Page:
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Biophysics of somersault and arm sets in trampolining John Mitchell Thanks to Lisa Withey + Jack Mitchell for performance

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Introduction In depth calculations are not included in this presentation. These are available on request. The data presented is approximately 50% from direct video measurement and 50% from calculation. Where calculations have been used a number of body weight and size approximations have been used and actual numbers will vary with performer. This is intended as a first draft for more in depth analysis in a suitable sports science department. The next slide presents data measured using motionview 7.2 showing body angles on last contact Vs amount of rotation generated. There is clearly good correlation for the performers used.

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a b d From the leg body angle a leg to vertical angle can be inferred And this can be used to calculate the amount of energy converted from bounce height into kinetic rotational energy (Whether this is valid to do so is up for comment) The body has to bend forward in this front somersault example to keep the Center of mass d above the Base of support Back somersault rotation seems to use a straighter body position to gain the same amount of rotation. (Noisy) Poor timed somersaults caused by pushing on the landing phase rather than in the take-off phase require a greater angle of body bend (hip displacement) as they are getting less energy from the trampoline Force Rotation vector

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To exemplify the theory that rotational energy can be calculated from the vector of Leg angle and total potential energy of the performer (assuming no extra leg forces in operation) the first thing to do was calculate the total energy gained. This has been done using a 60kg model body and is plotted below for different 10 bounce times

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Assuming a straight shape for a 60kg body of 1.75m the amount of energy required per degree of rotation can be calculated. The graph below has this re-plotted in terms of the % height energy converted for different degrees of rotation assuming bounce time of 16 seconds for 10 bounces.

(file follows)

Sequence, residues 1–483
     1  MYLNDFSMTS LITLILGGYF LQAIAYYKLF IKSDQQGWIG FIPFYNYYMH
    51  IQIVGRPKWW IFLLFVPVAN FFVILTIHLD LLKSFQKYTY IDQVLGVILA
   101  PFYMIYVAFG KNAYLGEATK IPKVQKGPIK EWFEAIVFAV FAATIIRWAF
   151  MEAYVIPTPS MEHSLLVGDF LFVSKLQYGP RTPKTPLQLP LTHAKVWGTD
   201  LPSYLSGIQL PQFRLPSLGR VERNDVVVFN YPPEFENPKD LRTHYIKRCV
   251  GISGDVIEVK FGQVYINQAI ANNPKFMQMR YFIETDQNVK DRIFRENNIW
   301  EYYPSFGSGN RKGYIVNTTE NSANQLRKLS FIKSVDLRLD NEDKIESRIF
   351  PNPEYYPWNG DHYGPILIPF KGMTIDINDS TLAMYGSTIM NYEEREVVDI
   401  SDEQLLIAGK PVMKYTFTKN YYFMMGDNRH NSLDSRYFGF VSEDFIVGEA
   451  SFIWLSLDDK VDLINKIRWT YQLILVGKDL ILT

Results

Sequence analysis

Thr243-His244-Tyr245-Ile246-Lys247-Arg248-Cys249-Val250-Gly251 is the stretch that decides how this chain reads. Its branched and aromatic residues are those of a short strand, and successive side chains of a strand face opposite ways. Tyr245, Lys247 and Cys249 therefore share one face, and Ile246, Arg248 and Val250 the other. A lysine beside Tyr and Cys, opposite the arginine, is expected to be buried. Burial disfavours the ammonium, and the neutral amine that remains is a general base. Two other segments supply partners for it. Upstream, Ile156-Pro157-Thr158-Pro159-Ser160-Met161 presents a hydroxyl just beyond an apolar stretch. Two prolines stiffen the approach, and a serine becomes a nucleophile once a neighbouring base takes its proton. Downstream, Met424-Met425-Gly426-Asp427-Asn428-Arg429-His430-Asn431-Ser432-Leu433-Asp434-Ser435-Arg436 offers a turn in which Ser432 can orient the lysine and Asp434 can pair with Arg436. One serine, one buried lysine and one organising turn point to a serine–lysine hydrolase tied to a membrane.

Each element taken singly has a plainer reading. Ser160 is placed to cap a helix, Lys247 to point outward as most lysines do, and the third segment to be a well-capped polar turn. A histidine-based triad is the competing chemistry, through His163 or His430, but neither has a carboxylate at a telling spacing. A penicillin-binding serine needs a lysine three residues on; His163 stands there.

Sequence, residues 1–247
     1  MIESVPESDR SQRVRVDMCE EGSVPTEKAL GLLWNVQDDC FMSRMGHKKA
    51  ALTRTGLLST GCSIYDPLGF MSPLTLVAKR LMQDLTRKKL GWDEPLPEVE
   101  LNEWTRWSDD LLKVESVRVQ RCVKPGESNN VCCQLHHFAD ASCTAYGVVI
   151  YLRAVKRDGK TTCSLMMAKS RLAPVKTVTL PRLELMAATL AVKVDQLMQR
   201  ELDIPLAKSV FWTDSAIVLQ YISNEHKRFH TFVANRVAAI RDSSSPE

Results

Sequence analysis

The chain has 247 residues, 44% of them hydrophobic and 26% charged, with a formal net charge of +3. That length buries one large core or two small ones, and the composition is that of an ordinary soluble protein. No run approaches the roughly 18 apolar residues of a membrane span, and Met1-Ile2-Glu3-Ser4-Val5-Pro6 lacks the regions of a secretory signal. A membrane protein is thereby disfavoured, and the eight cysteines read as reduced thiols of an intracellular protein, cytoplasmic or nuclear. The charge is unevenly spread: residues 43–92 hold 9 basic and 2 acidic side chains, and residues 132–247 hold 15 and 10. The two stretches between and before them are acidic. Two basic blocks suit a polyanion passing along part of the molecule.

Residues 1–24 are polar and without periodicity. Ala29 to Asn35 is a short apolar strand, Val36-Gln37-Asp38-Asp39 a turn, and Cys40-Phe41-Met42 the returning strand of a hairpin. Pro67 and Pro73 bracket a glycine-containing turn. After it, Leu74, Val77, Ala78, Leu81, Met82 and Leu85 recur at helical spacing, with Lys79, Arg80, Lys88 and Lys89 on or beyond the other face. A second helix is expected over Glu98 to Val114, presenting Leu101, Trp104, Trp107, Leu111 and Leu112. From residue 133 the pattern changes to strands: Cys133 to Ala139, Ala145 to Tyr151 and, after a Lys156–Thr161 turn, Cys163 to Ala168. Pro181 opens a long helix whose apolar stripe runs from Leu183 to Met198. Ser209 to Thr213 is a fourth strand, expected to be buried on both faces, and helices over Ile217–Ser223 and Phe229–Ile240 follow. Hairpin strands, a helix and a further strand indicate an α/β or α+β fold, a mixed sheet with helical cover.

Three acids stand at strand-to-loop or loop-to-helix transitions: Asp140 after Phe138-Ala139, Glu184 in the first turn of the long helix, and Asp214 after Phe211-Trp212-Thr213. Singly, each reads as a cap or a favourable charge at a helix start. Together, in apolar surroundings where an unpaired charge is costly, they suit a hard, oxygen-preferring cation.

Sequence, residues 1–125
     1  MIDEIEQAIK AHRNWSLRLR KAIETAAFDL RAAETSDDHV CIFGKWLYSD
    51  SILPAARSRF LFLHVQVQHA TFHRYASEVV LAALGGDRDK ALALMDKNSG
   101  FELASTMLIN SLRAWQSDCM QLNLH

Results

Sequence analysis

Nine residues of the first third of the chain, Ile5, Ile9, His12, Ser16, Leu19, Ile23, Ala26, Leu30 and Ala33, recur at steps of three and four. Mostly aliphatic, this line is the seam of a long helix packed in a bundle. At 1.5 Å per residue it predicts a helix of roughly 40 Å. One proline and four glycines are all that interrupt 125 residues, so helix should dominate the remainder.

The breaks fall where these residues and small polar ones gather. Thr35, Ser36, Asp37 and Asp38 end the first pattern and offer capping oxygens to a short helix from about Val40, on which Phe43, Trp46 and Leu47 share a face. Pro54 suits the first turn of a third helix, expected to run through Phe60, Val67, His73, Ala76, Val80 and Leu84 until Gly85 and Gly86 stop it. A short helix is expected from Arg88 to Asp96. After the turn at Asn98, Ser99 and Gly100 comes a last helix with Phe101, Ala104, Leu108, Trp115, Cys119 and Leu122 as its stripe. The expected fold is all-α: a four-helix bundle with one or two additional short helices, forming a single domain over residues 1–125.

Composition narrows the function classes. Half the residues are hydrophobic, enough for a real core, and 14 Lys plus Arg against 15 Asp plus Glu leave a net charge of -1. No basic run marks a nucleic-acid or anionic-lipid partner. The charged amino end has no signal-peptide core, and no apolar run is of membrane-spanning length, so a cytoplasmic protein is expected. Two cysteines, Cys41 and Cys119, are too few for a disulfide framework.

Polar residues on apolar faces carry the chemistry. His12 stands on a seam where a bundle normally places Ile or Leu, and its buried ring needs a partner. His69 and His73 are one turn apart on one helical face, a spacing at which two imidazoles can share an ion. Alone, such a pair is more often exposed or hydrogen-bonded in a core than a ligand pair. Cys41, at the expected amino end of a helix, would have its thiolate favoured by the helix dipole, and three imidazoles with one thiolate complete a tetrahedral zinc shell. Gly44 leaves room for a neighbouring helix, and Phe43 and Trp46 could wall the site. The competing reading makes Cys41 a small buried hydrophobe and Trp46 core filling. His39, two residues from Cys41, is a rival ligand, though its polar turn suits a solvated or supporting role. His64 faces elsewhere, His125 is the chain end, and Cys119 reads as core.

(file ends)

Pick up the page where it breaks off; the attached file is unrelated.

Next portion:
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This graph is the least evidence based as I didn’t have good enough images. So it is essentially a theoretical graph on a load of assumptions about how vertical force from the trampoline is split by different angles of the leg. However, the next slide Shows good agreement between this and the theoretical energy used for rotation Calculated from angular velocity and mass in straight shape.

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Comparison of the two methods for calculation of energy of rotation suggests that leg angle is a good predictor of the total rotation initiated and is likely to be the main factor determining the degree of rotation.

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Calculation of absolute energy required for rotation in a straight shape allows us to then calculate energy used for phased tuck and pike somersaults. (with some assumptions of Moments of inertia and body size and weight) These have been plotted below vs 10 bounce time The preceding graphs all assume no extra leg push. So I wanted to check that It is possible for a gymnast to put in enough extra energy to compensate for height loss.